Next, the government contends the district court inappropriately considered the history and characteristics of Kane, as outlined in § 3553(a) (1). Specifically, the government claims the district court gave inappropriate weight to Kane's rehabilitative efforts while in prison, the unsupported conclusion Kane would not commit future crimes, and Kane's prior substance abuse. It is true Kane has made rehabilitative efforts, which include attending parenting classes, participating in vocational training, and obtaining a GED. While those efforts are commendable, Kane did not make those efforts until after her initial sentence was imposed and after she filed an appeal. Kane's belated rehabilitative efforts are not extraordinary and do not support a sentence reduction. See United States v. Robinson, 454 F.3d 839, 842-43 (8th Cir. 2006) ("Even in cases where a rehabilitation is dramatic and hopefully permanent a district court cannot place too much emphasis on that fact." (citation and internal quotation omitted)). A variance based on Kane's rehabilitative efforts was inappropriate.
The district court also determined Kane would not commit future crimes. With respect to recidivism, the district court stated briefly: "I don't think you pose a danger to the public or likelihood that you'll be a recidivist." Kane argues that her age, criminal history category, and the fact that she never sexually molested her minor daughter are indicative of a slim chance of recidivism. But these arguments do not exculpate or lessen the horrendous treatment to which she subjected her minor daughter for money, nor do they indicate she would not commit this type of crime again in the name of money. The Supreme Court explains the "risk of recidivism posed by sex offenders is frightening and high." Smith v. Doe, 538 U.S. 84, 103, 123 S. Ct. 1140, 155 L. Ed. 2d 164 (2003) (citation and internal quotation omitted); see Doe v. Miller, 405 F.3d 700, 721 (8th Cir.), cert. denied, ___ U.S. ___, 126 S. Ct. 757, 163 L. Ed. 2d 574 (2005). Nothing in the record supports the district court's conclusion Kane probably will not repeat this type of crime.
The district court further considered Kane's prior substance abuse as a mitigating factor. The district court stated: "I've gone below the guidelines in your case because of your prior history of this substance abuse as well as your mental health. That made you particularly susceptible to Mr. Champion's influence." However, there is no evidence in the record linking Kane's substance abuse or mental illness with the crimes Kane committed against her daughter. Nor is there evidence in the record indicating Kane committed these crimes because she was susceptible to, or influenced by, Champion. Furthermore, drug or alcohol abuse and mental conditions are not proper grounds for a downward variance, absent extraordinary circumstances. United States v. Lee, 454 F.3d 836, 839 (8th Cir. 2006) (stating a defendant's drug abuse is not a proper ground for a downward variance, absent extraordinary circumstances (citing § 3553(a) (5) (A) and U.S.S.G. § 5H1.4)); United States v. Gall, 446 F.3d 884, 887-88, 890 (8th Cir. 2006) (mental immaturity of defendant is not a proper factor for a downward variance). The district court abused its discretion in considering Kane's prior substance abuse and mental or emotional condition as bases for a downward variance.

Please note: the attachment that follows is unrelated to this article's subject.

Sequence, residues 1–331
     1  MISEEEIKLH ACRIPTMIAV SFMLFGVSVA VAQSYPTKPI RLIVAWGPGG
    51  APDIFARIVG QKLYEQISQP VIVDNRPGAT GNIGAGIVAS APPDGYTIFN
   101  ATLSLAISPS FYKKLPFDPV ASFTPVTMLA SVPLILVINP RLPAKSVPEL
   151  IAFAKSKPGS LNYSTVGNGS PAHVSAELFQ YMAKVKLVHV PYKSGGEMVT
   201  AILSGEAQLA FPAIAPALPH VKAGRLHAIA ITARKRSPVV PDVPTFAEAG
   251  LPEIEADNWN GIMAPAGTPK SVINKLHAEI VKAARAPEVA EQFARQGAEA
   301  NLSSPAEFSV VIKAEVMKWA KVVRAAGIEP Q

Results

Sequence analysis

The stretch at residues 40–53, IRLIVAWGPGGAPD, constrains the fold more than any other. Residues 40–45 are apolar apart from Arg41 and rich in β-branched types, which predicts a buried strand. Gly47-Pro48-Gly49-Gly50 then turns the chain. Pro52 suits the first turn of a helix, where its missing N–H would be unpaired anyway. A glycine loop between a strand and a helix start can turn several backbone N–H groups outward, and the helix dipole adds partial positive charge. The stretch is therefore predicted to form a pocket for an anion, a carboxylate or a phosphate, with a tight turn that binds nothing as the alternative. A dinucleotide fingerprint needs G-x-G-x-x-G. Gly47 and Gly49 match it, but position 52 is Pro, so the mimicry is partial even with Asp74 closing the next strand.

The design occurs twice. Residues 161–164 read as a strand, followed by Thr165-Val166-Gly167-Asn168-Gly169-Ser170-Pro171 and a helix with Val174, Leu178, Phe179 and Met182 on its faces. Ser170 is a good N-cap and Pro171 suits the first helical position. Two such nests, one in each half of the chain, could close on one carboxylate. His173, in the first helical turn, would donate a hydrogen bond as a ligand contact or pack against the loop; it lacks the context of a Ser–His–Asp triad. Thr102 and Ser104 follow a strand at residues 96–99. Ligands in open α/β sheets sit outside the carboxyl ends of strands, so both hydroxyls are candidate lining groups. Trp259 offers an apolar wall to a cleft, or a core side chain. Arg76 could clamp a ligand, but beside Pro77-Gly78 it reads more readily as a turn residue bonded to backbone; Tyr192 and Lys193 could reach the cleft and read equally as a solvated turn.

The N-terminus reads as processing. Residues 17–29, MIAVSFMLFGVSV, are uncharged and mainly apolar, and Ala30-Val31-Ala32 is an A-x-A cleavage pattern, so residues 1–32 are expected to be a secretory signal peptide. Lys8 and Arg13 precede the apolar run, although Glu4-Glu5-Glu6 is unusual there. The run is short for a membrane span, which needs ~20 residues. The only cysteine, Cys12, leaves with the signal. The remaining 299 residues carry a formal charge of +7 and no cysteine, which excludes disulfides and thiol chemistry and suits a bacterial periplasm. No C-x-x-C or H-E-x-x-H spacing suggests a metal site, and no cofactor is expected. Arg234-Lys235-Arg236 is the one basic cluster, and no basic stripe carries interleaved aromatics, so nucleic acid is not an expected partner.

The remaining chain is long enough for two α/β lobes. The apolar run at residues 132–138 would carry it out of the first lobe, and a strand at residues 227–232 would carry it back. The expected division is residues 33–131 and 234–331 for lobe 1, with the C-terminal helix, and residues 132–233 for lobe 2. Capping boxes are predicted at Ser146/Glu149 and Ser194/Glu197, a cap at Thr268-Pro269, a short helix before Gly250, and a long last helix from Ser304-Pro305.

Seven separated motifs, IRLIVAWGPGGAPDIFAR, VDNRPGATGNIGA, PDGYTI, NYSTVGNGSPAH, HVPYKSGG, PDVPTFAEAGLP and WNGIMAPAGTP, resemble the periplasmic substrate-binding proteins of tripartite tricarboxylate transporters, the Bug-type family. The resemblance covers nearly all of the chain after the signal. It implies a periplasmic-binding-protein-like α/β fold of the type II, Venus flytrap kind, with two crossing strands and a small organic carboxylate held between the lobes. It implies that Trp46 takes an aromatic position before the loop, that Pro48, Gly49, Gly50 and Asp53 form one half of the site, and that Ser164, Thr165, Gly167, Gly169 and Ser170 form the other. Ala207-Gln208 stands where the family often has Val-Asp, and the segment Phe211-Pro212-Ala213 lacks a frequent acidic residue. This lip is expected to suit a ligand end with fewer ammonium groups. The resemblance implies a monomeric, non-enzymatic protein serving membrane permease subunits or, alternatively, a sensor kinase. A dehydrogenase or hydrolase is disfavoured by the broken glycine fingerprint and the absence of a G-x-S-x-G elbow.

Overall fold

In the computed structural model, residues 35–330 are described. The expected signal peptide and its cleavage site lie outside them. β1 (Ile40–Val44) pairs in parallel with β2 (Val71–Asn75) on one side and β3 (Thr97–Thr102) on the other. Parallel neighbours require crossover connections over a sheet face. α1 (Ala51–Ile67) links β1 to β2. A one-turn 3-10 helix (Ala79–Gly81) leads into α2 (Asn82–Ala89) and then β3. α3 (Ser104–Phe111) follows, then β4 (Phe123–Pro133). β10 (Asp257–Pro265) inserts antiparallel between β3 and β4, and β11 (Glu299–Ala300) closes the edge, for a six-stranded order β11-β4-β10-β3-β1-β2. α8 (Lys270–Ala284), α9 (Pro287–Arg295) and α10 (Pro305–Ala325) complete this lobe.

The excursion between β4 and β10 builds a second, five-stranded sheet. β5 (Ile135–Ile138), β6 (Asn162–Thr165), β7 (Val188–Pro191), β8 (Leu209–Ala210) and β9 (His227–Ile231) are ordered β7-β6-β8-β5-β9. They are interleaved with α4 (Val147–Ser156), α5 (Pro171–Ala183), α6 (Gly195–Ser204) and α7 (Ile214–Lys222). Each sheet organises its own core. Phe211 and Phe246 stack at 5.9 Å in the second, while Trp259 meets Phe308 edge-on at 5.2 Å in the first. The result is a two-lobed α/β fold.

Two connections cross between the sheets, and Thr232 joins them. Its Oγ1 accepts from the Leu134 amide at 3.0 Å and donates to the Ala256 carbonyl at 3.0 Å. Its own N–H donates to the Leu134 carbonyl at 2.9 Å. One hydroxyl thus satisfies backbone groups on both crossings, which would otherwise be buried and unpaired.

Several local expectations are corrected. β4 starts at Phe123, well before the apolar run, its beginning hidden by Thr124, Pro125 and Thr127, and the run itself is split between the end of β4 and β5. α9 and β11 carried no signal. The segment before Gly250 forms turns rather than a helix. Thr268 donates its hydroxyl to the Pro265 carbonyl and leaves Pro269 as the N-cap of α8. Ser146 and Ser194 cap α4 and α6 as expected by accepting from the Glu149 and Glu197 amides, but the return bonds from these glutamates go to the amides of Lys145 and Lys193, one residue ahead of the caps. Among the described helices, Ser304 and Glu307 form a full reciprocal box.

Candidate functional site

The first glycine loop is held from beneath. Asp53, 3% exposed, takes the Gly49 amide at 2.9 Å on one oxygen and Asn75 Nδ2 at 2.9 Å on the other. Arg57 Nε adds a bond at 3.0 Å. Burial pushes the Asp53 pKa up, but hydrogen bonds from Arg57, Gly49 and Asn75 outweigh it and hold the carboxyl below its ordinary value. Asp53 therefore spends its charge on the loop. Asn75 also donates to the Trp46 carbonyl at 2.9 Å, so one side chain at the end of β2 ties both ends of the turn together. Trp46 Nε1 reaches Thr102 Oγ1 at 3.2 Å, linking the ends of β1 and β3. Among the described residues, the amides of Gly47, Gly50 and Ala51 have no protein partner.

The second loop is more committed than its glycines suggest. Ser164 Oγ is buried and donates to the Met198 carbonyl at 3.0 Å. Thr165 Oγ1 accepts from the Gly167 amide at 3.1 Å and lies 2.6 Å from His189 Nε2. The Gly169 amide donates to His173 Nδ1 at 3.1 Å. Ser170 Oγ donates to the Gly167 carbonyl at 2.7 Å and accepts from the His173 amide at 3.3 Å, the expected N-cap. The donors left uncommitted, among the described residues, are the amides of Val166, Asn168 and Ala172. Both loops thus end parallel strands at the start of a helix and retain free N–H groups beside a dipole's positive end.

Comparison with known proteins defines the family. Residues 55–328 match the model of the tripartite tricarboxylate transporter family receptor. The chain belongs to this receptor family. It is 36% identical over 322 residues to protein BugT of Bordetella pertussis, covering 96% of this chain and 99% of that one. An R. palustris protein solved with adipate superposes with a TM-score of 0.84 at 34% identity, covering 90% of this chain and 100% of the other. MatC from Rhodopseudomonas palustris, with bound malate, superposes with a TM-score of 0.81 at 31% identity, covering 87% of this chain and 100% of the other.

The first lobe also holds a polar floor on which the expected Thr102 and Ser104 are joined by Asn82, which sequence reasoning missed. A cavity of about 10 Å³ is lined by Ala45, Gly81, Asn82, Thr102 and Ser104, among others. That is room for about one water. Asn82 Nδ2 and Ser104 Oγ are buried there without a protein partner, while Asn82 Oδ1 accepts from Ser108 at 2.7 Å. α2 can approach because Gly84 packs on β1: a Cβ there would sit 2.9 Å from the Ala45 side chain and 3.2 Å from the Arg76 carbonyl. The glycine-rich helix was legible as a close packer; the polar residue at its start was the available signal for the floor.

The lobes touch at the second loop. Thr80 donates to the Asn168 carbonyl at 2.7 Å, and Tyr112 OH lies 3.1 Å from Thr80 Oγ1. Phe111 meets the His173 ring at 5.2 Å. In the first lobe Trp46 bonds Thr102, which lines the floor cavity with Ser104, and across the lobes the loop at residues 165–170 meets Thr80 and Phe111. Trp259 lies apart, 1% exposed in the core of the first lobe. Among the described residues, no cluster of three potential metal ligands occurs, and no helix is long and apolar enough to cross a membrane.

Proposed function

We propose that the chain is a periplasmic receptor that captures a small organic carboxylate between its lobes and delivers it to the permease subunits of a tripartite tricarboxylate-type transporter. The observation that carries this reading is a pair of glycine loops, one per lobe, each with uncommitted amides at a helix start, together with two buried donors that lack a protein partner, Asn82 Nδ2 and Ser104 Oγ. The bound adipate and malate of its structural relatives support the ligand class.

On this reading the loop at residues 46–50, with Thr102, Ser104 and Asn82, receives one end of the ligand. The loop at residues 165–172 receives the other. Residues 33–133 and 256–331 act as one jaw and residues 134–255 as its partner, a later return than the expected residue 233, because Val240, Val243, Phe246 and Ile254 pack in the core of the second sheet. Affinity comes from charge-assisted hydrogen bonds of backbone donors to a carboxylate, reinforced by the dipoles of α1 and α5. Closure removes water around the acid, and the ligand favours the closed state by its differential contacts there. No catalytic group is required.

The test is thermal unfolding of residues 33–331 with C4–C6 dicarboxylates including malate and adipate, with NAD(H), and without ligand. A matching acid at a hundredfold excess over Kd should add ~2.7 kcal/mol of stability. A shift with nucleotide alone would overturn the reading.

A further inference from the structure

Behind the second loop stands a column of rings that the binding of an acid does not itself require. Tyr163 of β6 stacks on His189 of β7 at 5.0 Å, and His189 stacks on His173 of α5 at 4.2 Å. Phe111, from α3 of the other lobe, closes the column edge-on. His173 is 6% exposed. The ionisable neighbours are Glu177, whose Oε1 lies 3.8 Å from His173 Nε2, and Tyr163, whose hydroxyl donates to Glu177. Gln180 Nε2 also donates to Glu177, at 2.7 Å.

The government also contends the district court inappropriately considered the need to avoid unwarranted sentence disparities among defendants with similar records who have been found guilty of similar conduct under § 3553(a) (6). The district court determined Champion was more culpable than Kane, thus, she deserved a lower sentence. Although § 3553(a) (6) may more appropriately apply to disparities on a national level and not within the same conspiracy, see, e.g., United States v. Parker, 462 F.3d 273, 277 (3d Cir.), cert. denied, ___ U.S. ___, 127 S. Ct. 462, ___ L. Ed. 2d ___ (2006), we will follow our own precedent and the district court's comparison, United States v. Lazenby, 439 F.3d 928, 932-34 (8th Cir. 2006). It is difficult to determine who is more culpable—Champion, a child predator, or Kane, a mother who repeatedly sold her nineyear-old daughter for $20 to gratify the sexual pleasures of a child predator.
Here, both Champion and Kane had a base offense level of 37. Champion received a three-level reduction for acceptance of responsibility, reducing his offense level to 34. Kane was not entitled to receive this three-level reduction because she went to trial and challenged her guilt. See, e.g., United States v. Bell, 411 F.3d 960, 963-64 (8th Cir.), cert. denied, ___ U.S. ___, 126 S. Ct. 471, 163 L. Ed. 2d 358 (2005). Champion, with a base offense level 34 and criminal history category I, had an advisory Guidelines sentencing range of 151to188 months and was sentenced to 180 months. On the other hand, Kane, with a base offense level 37 and criminal history category I, had an advisory Guidelines sentencing range of 210 to 262 months and was sentenced to 120 months. Kane's sentence reflects an unwarranted sentencing disparity.
Kane's 120-month sentence quite simply is not proportional to the circumstances of the crimes and the persons involved. As a result, Kane's sentence is unreasonable and must be vacated.
We vacate Kane's 120 month sentence and remand to the district court for resentencing.